Whenever renewable energy is discussed, the talk quickly turns to a green, electrically driven future conjured up by media images of windmills, solar panels and bunny rabbits. Unfortunately, everyone who has even the basic concept of what it would actually mean to junk the internal combustion engine knows that this scenario cannot possibly become a reality.
Our governments lurch from one technological soundbite to the next without apparently considering realistic options. As we start to experience the problems of charging and operating electrically powered vehicles in everyday circumstances, it is increasingly evident that, as engineers, our challenge is still to develop efficient ways of powering the prime mover in a vehicle or machine with as little environmental impact as possible, and that includes the avoidance of the truly horrific visual impact of wind farms that inhabitants of many countries are being asked to endure.
Natural gas is abundant in our world and it is becoming one of the favored options for the generation of electricity. Companies such as the German engine manufacturer MAN have been exploiting the need for large gas-powered engines for decades, with units like those in its E32 range. In recent years, MAN has translated some of that success to the municipal transport sector – with an average market share of 39%, MAN is Europe’s leading supplier of gas-powered buses. Gas power accounts for 20% of all MAN city buses sold during 2016.
Manufacturers recognize that generally the engines used in these vehicles are simply converted diesel power plants. Steven Nendick of Cummins comments, “CNG/LNG engines are built on the same production line and share the same key components – blocks, cranks, etc – as their diesel cousins.”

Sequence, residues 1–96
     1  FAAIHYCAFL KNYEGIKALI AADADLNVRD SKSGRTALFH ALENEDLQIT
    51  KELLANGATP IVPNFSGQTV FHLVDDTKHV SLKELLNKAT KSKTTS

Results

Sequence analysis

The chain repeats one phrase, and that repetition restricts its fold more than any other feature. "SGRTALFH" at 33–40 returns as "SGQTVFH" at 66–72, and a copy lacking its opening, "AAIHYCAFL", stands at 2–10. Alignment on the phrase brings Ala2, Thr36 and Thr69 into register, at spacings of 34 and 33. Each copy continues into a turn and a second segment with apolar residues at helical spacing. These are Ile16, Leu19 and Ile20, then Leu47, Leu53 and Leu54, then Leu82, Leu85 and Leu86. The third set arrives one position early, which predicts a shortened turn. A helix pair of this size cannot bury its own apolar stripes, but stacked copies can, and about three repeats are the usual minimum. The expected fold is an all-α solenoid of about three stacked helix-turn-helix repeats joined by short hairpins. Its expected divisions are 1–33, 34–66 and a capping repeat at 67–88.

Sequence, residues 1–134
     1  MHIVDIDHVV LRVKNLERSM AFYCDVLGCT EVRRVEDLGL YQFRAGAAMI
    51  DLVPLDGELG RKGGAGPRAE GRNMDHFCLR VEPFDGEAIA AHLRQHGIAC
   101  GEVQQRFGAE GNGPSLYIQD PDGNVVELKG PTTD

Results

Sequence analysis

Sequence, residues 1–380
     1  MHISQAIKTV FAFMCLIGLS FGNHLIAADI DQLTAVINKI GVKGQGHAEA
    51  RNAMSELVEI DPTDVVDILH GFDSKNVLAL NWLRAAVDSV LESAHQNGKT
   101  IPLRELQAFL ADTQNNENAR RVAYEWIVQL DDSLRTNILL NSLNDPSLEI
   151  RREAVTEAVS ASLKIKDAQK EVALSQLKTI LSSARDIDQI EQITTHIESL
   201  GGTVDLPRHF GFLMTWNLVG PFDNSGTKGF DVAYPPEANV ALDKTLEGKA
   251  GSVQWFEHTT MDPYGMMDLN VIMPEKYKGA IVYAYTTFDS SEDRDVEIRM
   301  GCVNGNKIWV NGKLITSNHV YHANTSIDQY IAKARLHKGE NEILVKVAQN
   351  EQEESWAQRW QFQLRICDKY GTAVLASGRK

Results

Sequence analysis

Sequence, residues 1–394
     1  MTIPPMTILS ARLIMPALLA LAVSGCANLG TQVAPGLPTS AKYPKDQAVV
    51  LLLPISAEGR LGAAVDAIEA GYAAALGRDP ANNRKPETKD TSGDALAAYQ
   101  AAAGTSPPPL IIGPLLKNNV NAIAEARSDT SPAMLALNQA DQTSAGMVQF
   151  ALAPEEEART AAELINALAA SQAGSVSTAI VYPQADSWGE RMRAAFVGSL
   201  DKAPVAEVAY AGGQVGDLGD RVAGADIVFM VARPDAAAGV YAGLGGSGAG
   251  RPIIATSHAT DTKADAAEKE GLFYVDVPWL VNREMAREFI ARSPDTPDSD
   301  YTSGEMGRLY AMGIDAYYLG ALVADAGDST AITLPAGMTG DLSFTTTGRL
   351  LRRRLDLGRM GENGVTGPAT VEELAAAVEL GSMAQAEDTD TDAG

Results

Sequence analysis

This makes sense, so for manufacturers, the principle modification has become the introduction of spark ignition and the requisite reduction of the compression ratio. This fact, coupled with the lower per-unit energy value of the fuel (60-70% of an equivalent diesel engine) results in a generally lower engine performance in terms of power and, more importantly, torque. This works for bus operation, stationary applications, and to some extent hybrids, where the power requirement is more or less constant. But these effectively de-rated engines may not be so attractive in conventional off-highway applications where maximum output is frequently demanded of the engines.
However, the motivations for considering gas more widely are many. Citing the principle arguments, firstly there’s the cost of fuel: Depending on global prices and location, natural gas can be priced as low as 20% of the price of diesel fuels.
Then there are emissions: Burning natural gas in an engine results in a straight 15-20% reduction in carbon dioxide emissions and a dramatic reduction in other pollutants.
Finally there’s the cost of any aftertreatment: Because of the purity of the burn in a natural gas engine, exhaust is handled by a simple three-way catalytic converter. No SCR, no DOC, no particulate filters.